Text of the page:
Death and the Maiden

by Ariel Dorfman

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Death and the Maiden Summary

Death and the Maiden is a play by Ariel Dorfam in which Paulina Escobar stages a trial for the man that she believes tortured her years prior.

  • Chile has recently converted from a dictatorship to a democracy.
  • Paulina Escobar becomes convinced that Dr. Roberto Miranda is the man who kidnapped and tortured her during the dictatorship.
  • Paulina imprisons Miranda and convinces her husband to act as Miranda's defense attorney in a mock-trial. He agrees in the hopes of saving Miranda's life.
  • Miranda initially professes his innocence, but eventually confesses to the crimes.
  • The ending leaves the truth of Miranda's guilt and his overall fate ambiguous.

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Act I Summary

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When the play opens, "The time is the present and the place, a country that is probably Chile but could be any country that has given itself a democratic government just after a long period of dictatorship." At the Escobars' secluded beach house it is late at night and an uneaten dinner is laid out on the table. Paulina sits on the terrace, startled by the sound of an unfamiliar car motor. She takes a gun from the sideboard, and stands listening as her husband, Gerardo, speaks to the driver of the car and then enters the house. Paulina is disturbed by the unusual occurrence, and Gerardo explains that he had a flat tire on the way home and accepted a ride from a passing motorist. He blames Paulina for the spare tire being flat and for the jack being gone (Paulina lent it to her mother). The couple argue about these details and then discuss Gerardo's meeting with the country's president, from which he has just returned.

Gerardo has been named to a commission examining human rights abuses under the country's previous government, a military dictatorship. (It is revealed through dialogue that Paulina was arrested and tortured while attending medical school during this dictatorship.) Paulina has mixed feelings; she is suspicious of the commission, which is only to investigate cases of abuse that ended in death. A case like Paulina's own abduction, therefore, would not fall within the commission's jurisdiction. Paulina is still traumatized by the memory of being raped and tortured, but she has never discussed details of her experience with her mother or other people close to her.

Gerardo agrees with Paulina that the power of the commission is limited, but he believes nevertheless that "there is so much we can do... ." Gerardo makes a point of appearing to ask for Paulina's permission to sit on the commission, but the first scene ends with his admission that he has already accepted the president's appointment. An hour later, a knock at the door rouses the Escobars. Gerardo is ill at ease until he opens the door to admit Doctor Roberto Miranda, the man who earlier drove him home. Miranda apologizes for the intrusion, and as the two men speak, Paulina edges closer, listening in on their conversation. As she listens, the sound of Miranda's voice appears to greatly upset her. Miranda explains that he heard a news story about the commission on the radio, only then realizing who Gerardo was, and felt he had to return to congratulate him on the appointment. Miranda appears very enthusiastic about the commission, although he also realizes that the investigations are unlikely to conclude with punishment. Miranda prepares to leave, promising to pick Gerardo up the next morning and help him retrieve his car, but Gerardo insists that Miranda stay the night.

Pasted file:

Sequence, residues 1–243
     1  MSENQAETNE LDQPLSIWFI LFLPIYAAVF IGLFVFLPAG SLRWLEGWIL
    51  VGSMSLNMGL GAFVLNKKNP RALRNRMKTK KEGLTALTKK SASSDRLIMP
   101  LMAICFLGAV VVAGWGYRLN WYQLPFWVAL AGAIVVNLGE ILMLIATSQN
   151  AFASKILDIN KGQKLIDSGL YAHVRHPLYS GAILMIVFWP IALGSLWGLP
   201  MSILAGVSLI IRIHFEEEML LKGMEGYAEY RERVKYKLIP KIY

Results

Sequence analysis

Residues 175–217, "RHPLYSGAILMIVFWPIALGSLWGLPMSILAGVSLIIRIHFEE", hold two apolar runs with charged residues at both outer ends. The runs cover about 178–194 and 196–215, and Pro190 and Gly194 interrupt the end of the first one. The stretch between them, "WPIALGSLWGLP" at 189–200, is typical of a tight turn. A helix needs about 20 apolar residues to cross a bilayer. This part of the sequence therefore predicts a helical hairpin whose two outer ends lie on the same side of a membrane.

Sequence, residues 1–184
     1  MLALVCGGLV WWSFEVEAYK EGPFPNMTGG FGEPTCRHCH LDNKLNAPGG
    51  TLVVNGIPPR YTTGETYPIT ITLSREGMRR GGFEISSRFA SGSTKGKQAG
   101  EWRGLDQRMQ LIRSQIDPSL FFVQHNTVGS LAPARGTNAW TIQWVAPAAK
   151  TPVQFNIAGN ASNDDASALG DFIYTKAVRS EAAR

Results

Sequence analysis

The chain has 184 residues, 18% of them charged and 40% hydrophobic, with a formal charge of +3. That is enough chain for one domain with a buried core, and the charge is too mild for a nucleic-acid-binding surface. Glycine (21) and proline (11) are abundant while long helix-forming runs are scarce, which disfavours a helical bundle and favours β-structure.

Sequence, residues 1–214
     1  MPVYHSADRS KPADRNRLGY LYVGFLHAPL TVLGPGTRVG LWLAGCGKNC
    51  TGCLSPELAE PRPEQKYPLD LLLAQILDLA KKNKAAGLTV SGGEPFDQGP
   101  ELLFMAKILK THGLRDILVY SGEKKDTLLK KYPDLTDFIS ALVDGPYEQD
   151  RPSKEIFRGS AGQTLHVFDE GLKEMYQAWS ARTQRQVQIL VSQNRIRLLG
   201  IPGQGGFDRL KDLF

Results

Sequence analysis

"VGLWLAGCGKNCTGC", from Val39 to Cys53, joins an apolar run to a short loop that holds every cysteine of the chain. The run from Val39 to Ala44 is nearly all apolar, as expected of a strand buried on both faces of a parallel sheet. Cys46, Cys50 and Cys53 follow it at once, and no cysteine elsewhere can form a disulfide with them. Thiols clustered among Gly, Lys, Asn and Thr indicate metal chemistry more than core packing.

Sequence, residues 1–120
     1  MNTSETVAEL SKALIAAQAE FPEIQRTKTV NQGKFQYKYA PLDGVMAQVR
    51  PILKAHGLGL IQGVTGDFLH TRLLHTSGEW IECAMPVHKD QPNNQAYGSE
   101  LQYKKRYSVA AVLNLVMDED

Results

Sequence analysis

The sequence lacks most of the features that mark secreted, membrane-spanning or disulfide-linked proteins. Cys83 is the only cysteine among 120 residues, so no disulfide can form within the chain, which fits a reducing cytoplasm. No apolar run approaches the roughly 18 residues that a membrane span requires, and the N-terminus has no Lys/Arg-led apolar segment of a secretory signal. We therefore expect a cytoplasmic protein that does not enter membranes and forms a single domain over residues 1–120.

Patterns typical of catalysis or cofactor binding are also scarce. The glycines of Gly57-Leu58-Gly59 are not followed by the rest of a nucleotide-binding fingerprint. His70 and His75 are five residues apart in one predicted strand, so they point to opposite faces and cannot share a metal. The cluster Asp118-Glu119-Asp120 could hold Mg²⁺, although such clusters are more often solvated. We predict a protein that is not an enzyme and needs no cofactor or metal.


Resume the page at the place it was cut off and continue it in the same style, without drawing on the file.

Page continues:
The third scene is a brief interlude a short time later, in which Paulina is seen dragging Miranda's unconscious body into the room and tying him to a chair. She gags him with her own underwear, then takes his car keys and leaves. When dawn rises on the fourth scene, Paulina has returned and sits with her gun, watching Miranda. When he awakens, she speaks to him for a long while, playing a cassette of Schubert's quartet Death and the Maiden which she found in Miranda's car. This music has painful associations for Paulina; it was played while she was in captivity, and Paulina takes Miranda's cassette—along with the familiarity of his voice—as proof that he is the doctor who tortured her. Gerardo enters, aghast at the scene he...

(This entire section contains 672 words.)

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linds. Paulina explains her discovery, and Gerardo's first conclusion is: ''You're sick." Gerardo makes a move to untie Miranda, and Paulina fires the gun wildly. She explains that she has already called a mechanic, and when the latter arrives, she ushers Gerardo out of the house to retrieve their car. The act ends with Paulina's cool statement, '"We're going to put him on trial, Gerardo, this doctor. Right here, today."

Act II Summary